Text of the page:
This week's movie is the mystery/horror The Bat!
Being a fan of Vincent Price, I assumed I was acquainted with all of the man's films--I haven't seen them all, but I thought I had at least heard of any I hadn't. That is, until I saw The Bat listed on Netflix WI--what the heck is The Bat?
Well, The Bat is mystery/horror film that, this time, was on its third pass through the Hollywood meat grinder. It was originally a play, then turned into a silent film in 1926, only to be remade as a talkie called The Bat Whispers, which (rumor has it) was an inspiration to Bob Kane when he (co-)created Batman. For some reason, this third version is generally less well known; let's see if we can figure out why...
The film is almost entirely set in one location (it was a play, remember), a country mansion called The Oaks. Its being rented by mystery author Cornelia Van Gorder (Agnes Moorehead, awesome) and was the location of several grisly murders a little while ago. Did she not read the brochure?
(I'm pretty sure I had this playset for my Batman and Robin dolls in the 70s)
The murders were committed by a sort of monster/serial killer named The Bat, who rips out women's throats with steel claws(!). The Bat also lets a bat loose, which attacks people, like Van Gorder's maid. When its thought the maid has contracted rabies, they call their doctor, Dr. Malcolm Wells (Vincent Price), who is a bit of an expert on bats.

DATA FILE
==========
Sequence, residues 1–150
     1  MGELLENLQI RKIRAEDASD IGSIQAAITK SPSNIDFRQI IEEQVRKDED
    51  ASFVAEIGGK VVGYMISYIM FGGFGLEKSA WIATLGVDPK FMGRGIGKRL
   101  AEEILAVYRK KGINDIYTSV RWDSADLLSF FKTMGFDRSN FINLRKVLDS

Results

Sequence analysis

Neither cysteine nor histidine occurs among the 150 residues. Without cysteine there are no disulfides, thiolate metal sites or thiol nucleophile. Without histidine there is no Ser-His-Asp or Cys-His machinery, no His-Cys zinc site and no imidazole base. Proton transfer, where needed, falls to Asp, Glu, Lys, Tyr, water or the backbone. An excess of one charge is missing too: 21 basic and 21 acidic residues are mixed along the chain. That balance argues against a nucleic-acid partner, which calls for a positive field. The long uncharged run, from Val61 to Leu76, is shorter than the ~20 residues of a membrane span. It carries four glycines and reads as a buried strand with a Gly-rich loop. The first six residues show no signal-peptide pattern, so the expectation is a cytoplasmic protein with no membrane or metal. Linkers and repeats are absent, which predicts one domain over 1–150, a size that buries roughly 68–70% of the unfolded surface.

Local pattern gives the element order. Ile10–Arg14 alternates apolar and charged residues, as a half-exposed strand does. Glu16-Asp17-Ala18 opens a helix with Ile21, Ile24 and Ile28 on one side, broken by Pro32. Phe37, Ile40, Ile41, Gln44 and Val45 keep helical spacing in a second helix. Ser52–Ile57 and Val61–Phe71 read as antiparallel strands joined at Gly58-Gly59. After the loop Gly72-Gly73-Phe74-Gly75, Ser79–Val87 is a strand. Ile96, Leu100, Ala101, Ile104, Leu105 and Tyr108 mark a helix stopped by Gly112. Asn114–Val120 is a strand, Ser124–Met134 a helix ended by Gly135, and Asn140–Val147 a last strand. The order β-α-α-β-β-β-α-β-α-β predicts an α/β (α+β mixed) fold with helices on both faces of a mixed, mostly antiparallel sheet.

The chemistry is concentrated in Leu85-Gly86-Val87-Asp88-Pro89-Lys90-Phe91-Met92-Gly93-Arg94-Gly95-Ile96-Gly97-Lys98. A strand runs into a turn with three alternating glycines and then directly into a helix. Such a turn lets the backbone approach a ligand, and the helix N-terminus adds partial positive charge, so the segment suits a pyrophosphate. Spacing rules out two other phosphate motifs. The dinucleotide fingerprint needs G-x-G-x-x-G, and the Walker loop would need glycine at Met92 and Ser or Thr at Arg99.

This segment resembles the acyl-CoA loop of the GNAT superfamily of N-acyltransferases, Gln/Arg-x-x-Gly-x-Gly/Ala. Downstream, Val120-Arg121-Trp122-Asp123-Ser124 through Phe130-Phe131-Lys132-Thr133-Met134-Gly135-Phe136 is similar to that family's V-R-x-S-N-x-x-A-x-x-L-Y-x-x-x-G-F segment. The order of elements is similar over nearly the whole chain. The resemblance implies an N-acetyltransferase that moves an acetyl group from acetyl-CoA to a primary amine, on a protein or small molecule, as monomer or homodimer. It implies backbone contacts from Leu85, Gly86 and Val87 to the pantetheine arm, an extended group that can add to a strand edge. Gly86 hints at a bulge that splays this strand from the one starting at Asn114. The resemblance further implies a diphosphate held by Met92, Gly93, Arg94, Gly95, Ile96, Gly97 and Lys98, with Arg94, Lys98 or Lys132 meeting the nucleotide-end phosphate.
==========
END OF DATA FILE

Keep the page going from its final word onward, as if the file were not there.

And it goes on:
While all that is happening, its revealed a thief has stolen a million bucks worth of bank securities ans hidden them in The Oaks. In a great, tense scene, the thief confides in Dr. Wells, who turns on a dime and murders the thief in cold blood!
The Bat returns and commits a couple of murders, including a young woman named Judy (played by former Little Rascal Darla Hood, in her last film appearance). A police chief investigates, and he suspects Wells (since that's Vincent Price, that's only logical). But later on, Wells is killed by The Bat, so I guess that rules him out!
Visually, The Bat is no great shakes: this film was obviously designed as the back-half of a double bill (it runs just barely 80 minutes), so they didn't have a lot of money to spend on make-up. Still, with his dark suit and feature-less face, The Bat has a simplicity I like; he reminds of a Dick Tracy or Batman villain from the 1940s (indeed, his "razor-sharp claws" look like they were re-used for Catwoman on the Batman TV show).
Police Chief Anderson (Gavin Gordon) also suspects Van Gorden's new butler Warner. When Van Gorden manages to trap The Bat in a room in her house, The Bat is killed by Warner, and revealed to be...Police Chief Anderson!
The film ends with Moorehead talking directly to the camera (as she dictates her newest book to her secretary), none the worse for wear. She then declares, "Well, that's the end!"...and so it is!
The Bat is a humble little effort, but its always fun to watch Vincent Price, and Agnes Moorehead chews the scenery with aplomb. Maybe had it been directed with a little more flair, The Bat could have really been a minor classic, or at the very least a visual treat. Who knows, maybe The Bat could have come back! The Bat Returns? Bat Forever? The Bat Begins?